I have a lot of the carrot family of plants growing in my garden. Above are my actual carrots, but I also grow dill, parsley, cilantro, and celery. The cilantro has been amazingly good this year. The celery seems to be growing fine. The carrots above look OK on top, but the roots just aren't growing as well. I pulled up a batch and found a mild infestation of root knot nematodes on them. Root knot nematodes can really affect a lot of crops. I tend to grow Ground Control marigolds here and there in the garden to help control them. This year I didn't start any thinking they would self sow, but only two have come up so far. So I'm going to transplant one to the middle of the bed where the fall carrots will be. Hopefully that will help.
The worst affected are my parsley plants. They struggled last year, losing a leaf or two, but this year none of the leave seem to be getting the nutrients they need. I think next year I need another variety. This one just can't handle the conditions. Also my dill which I've never had an issue with in decades, has died in the dill bed. The self seeded spot in the circle garden grew fine, but I ripped them all out when I planted the sweet potatoes. Now I might not get any seed this year. It would be a first for me. I wonder if the weird weather has made the nematodes worse.
And speaking of pests in the garden, the squash vine borer is one of my least favorite. I only grow C. moschata (butternut species) in the garden for winter squash since it is resistant. But the zucchini are all C. pepo which are quite susceptible, so the borers almost always kill my zukes when they hatch. This year I had to plant my zukes at the normal time. But with the warmer weather everything in nature is early. Which means the month of abundant zucchini is not to be unless I do something. So I finally went out and covered my zucchinis with a row cover today.
The timing for this is always a question. Traditionally you would want to do this when the chicory blooms. The chicory has been blooming for about a week. But I was not watching those. I watched the GDDs (growing degree days). For the northeast section of the US, Cornell University calculates these for us so I don't have to. Though they are calculated as follows. Take the average of the high and low for a day and subtract 50F. For instance yesterday we had a low of 73.5 and a high of 96.2, so the average of the two is 84.9. Subtract 50F and you get 34.9 for the daily number. The GDD is calculated from the beginning of the year. So each of these daily numbers is added up. When you hit 950 then the squash vine borers are out. They live for about two weeks before they die off. In New England we only really get one generation (though this year might have two).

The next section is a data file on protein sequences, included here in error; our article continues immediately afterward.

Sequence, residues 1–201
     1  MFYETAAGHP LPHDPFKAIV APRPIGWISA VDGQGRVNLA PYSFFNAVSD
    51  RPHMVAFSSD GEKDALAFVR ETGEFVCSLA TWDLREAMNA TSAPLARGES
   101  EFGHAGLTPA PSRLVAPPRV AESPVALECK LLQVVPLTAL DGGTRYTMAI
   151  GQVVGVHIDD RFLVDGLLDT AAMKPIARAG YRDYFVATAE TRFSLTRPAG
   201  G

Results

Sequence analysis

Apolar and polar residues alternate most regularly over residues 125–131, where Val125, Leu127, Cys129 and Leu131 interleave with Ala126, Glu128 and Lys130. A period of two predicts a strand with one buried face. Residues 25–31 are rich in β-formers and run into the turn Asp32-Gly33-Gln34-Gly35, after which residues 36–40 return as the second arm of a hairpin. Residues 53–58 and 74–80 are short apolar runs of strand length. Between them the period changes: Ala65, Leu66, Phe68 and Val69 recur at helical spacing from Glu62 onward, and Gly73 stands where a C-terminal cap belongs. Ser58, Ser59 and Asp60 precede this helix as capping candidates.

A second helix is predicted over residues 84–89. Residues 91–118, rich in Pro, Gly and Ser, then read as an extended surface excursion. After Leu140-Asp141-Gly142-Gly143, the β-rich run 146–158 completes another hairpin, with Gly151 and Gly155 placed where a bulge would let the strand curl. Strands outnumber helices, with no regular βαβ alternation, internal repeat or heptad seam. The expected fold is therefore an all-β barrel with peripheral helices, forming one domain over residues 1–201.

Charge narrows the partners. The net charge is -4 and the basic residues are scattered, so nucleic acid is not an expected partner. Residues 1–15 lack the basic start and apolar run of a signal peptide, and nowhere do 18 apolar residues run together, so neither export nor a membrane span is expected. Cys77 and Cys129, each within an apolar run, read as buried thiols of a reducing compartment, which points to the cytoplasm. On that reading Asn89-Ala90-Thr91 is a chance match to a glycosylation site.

Right now Boston is at 880. I could wait a little longer, maybe. Our weather is not exactly the same as Boston. I figured I was safe at 880 though and then I wouldn't have to pay attention as much. The fact that the chicory blossoms were out a week ago was troubling. Does Mother Nature really count degree days? I checked the zucchini stems and didn't see any eggs yet. Also the zucchini blossoms are not open yet, so I don't have to hand pollinate and the row cover won't affect anything. I'll keep an eye on it though. I see little tiny buds. I'm sure within the next week the first will open. Then I'll be hand pollinating at least every other day. Then the question will become when to take the row cover off.